Nutritionist reveals exact school lunch box you should feed your kids

EVERY parent’s approach to packed lunches is different, with food choices regularly causing debate on social media.

Many schools now even issue comprehensive lunch box guidelines, but some parents say the policies only pile on pressure and cause anxiety.

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Nutritionist Charlotte Stirling-Reed shared her top tips for a healthy packed lunchCredit: Charlotte Stirling-Reed

With the new academic year around the corner, Fabulous spoke to Charlotte Stirling-Reed, The Baby & Child Nutritionist, to find out what really matters when it comes to packing your kid’s school lunches.

She said: “Ideally, you need to think about offering your child a balance. 

“Lunch boxes will make up a fair proportion of the food children will eat throughout the day. 

“It needs to be OK to last until lunchtime, be something ideally they are likely to eat, have leftovers for snacks (if appropriate) and offer a balance of good foods to ensure they get plenty of nutrients and energy to get them through a busy, tiring school day!”

What to include

While it may sound like there’s a lot to think about, it gets a whole lot simpler when you realise that translates to a portion of carbs, fruit or veg, protein and dairy every day.

“Ideally, a child’s packed lunch should include each of the four main food groups, to ensure that children are offered a balance of foods and nutrients for their lunch,” explains Charlotte

Charlotte provided some examples of great packed lunch options

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Charlotte provided some examples of great packed lunch optionsCredit: Charlotte Stirling-Reed

A portion of starchy carbohydrates.

For example, bread, a wrap, flatbread, crackers, a bagel, pitta, pasta, potato, rice or couscous.

“Include a combination of white and whole grain options, such as brown rice, pasta and bread,” says Charlotte.

“And try to provide a variety over the week.”

A portion of fruit and a portion of salad / vegetables

The key here is that they’re bite-sized and pre-prepared!

This could include things like tomato in a sandwich, chopped grapes or a fruit salad.

A portion of protein / iron-rich food.

Protein doesn’t have to mean meat or fish.

Beans, pulses, eggs, or meat-free alternatives work, too.

Charlotte says: “Tinned fish such as salmon or mackerel is a cheap and convenient option, just make sure to check for bones.”

A portion of dairy food

Think plain yoghurt, cheese or milk. 

Charlotte says: “You could try making a quick tzatziki-style dip with thick plain yoghurt, grated cucumber, chopped mint and lemon juice for dipping pitta bread fingers or pepper sticks.”

Finally, don’t forget a drink.

To keep busy, active kids hydrated – especially in hot weather – Charlotte recommends tap water or plain milk.

Charlotte explained that creativity helps ensure that whatever you put in your child’s packed lunch will actually get eaten

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Charlotte explained that creativity helps ensure that whatever you put in your child’s packed lunch will actually get eatenCredit: Charlotte Stirling-Reed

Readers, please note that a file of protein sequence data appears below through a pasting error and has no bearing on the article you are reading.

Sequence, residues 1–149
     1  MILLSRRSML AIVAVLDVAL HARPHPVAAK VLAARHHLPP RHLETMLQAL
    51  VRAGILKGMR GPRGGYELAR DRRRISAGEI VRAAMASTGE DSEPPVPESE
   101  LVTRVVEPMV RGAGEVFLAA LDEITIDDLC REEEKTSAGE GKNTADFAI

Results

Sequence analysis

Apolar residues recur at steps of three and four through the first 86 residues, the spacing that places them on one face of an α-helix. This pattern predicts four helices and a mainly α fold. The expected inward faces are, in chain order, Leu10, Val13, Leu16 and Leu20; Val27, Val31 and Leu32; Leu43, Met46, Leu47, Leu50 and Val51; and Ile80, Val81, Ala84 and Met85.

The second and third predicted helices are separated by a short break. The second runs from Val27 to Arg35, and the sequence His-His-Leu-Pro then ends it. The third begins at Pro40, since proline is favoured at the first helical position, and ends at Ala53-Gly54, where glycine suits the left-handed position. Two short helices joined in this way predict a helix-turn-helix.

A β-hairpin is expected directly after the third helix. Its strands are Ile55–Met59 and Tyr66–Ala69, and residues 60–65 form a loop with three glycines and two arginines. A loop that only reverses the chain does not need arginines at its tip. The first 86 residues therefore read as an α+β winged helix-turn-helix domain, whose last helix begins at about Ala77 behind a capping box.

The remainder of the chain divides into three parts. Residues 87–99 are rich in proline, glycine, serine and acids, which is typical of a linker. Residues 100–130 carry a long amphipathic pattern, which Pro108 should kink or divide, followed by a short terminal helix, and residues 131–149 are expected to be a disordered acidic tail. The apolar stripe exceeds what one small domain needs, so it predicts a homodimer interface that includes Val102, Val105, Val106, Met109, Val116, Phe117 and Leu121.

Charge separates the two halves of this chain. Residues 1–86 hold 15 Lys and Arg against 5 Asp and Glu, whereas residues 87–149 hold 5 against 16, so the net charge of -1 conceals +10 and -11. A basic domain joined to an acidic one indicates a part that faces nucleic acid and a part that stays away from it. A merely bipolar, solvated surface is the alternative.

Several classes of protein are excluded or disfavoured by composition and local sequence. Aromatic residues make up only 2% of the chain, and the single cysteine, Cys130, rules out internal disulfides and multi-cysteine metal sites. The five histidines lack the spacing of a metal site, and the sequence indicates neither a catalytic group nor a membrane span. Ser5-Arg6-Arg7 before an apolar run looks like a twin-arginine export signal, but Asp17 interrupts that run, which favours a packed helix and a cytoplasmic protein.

What to avoid

Charlotte advises checking your school’s policy on this as they usually differ.

She says many schools recommend leaving out: 

  • Foods with added sugar such as sweets, biscuits and cakes
  • Foods with added salts such as crisps and processed meats
  • Drinks with lots of added sugars such as fruit shoots or fizzy drinks

Some schools also ask that parents don’t include allergens in lunch boxes, especially nuts and peanuts. 

Examples of a week of school lunches

A week’s worth of school lunches could looking something like this:

DAY ONE: Wholemeal bagel with cream cheese, tinned smoked mackerel (always check for bones), cooked courgette and blueberries (halved for babies and younger children).

DAY TWO: Oaty cheese roll and sides of beetroot, boiled egg and fresh orange slices.

DAY THREE: Couscous made using frozen parsley, lemon juice, black pepper, extra virgin olive oil and tinned chickpeas, served with pots of raisins, feta and raw crinkle-cut yellow pepper.

DAY FOUR: Wholewheat penne pasta salad with chopped cucumber and sides of salmon, plain yoghurt, tinned, chopped mango, and water.

DAY FIVE: Wholemeal wrap with leftover falafel and roasted pepper, sweet potato wedges, a pot of plain yoghurt and some frozen strawberries that will have defrosted by lunchtime (quarter them if using fresh).

A bit of creativity will help ensure that whatever you put in your child’s packed lunch will actually get eaten.

Charlotte says: “I like to think outside of the box a little when it comes to lunch boxes, to jazz them up, offer variety and stop little ones getting bored.

“Of course sandwiches with fillings, some fruit and yogurt is also fine, but do try to vary parts of your kid’s lunch and make sure you’re ticking off the four main food groups!”

In other parenting news, an expert has claimed that this is what a kids lunchbox should look like.

We also shared how an organised mum sparks debate after sharing photos of her kids’ packed lunches which she makes at 3am on Sunday mornings.

Plus organised mums share how they’ve breezed through back-to-school panic with labelling and lunchbox prep.

Proud mum shows off her kid’s packed lunches for primary school but is accused of ‘child abuse’ and ‘overfeeding’ her child

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